What's wrong with Kiplinger's "best value" college list

Commentary:

(MoneyWatch) When I was checking out the private universities on Kiplinger's new "best values" list, here was my reaction: What in the world were they thinking?

When I took a look at the magazine's 100 best value picks for universities, I was astounded at some of institutions that made the cut. Among the schools that landed a spot on Kiplinger's honor roll were universities that also are on what I like to call the U.S. Department of Education's financial aid hall of shame.

Every year the agency releases a list of the private, nonprofit schools in the U.S. that charge the highest net prices. (The department also produces net price lists for state institutions and for-profit schools.) The net price, which is a far more meaningful figure than the sticker price, is what a family would pay after typical scholarships and grants are subtracted from a school's list price.

Partially in an effort to encourage schools to make their costs more reasonable, the federal government releases each year the names of the top 5 percent of schools that charge the highest net prices. In looking at Kiplinger's supposedly "best value" schools, 13 of these institutions are on the government's dishonor roll. Here are the schools that made both lists: 

  • Bentley University
  • Carnegie Mellon University
  • Catholic University of America
  • Fordham University
  • New York University
  • Northeastern University
  • Rensselaer Polytechnic Institute
  • St. Joseph University
  • St. Louis University
  • Santa Clara University
  • University of Denver
  • Wake Forest University
  • Washington University St. Louis


Location, location, location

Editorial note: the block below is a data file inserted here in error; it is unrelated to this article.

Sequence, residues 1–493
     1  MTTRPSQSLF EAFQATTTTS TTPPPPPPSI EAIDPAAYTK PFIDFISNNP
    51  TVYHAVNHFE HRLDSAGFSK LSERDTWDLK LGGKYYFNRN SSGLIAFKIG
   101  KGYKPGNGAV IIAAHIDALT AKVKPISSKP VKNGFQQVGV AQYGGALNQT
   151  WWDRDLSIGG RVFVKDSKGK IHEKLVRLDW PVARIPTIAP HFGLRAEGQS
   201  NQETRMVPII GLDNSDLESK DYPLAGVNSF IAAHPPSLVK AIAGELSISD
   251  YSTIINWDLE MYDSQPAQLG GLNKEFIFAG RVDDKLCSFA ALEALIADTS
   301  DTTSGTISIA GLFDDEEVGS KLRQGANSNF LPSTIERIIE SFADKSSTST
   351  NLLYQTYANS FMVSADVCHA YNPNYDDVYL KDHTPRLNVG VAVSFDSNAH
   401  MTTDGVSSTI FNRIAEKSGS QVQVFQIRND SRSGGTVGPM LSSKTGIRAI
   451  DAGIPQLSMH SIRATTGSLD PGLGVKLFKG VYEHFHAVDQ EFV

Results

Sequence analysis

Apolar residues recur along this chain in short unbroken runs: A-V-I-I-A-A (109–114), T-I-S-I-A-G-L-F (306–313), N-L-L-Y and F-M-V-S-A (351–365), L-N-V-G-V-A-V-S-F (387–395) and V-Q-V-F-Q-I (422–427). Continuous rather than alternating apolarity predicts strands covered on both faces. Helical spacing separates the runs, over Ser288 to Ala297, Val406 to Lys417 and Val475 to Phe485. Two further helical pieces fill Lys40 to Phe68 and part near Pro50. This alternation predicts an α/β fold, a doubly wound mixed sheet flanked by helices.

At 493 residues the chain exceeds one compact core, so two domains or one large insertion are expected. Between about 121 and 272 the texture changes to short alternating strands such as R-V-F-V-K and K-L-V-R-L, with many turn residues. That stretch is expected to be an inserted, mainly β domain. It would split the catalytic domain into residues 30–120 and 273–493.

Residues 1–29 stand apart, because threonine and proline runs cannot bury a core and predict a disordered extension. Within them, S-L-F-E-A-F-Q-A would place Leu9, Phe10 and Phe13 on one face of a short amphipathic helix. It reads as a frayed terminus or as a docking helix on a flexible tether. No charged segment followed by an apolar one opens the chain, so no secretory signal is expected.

When you look at this list, you'll see a pattern that I've mentioned in previous college blog posts and in my book. Schools in cities primarily on the coasts can get away with charging more money because students place a high premium on location. Teenagers think they need to attend schools in places like New York City, Washington DC, Boston, Denver or Silicon Valley, so schools can charge more in these locations.

I checked Kiplinger's methodology for an explanation of how these schools -- and other extremely expensive universities that offer stingy financial aid packages -- landed on the best value list. According to the magazine, 56.25 percent of the ranking is based on academic qualities, while 43.75 percent is based on cost factors, such as what percentage of financial aid need a school typically meets.

To illustrate why the magazine needs to reexamine its methodology, let's look at New York University, which is known for its poor financial aid packages (Known perhaps to everyone but Kiplinger's.) I used NYU's net price calculator and pretended that I was an applicant whose parents made $30,000 a year. The net price for one year at NYU for that student would be $29,441!

So a family that makes $30,000 would be expected to contribute their entire income for their child to attend NYU. Where is the value in that?

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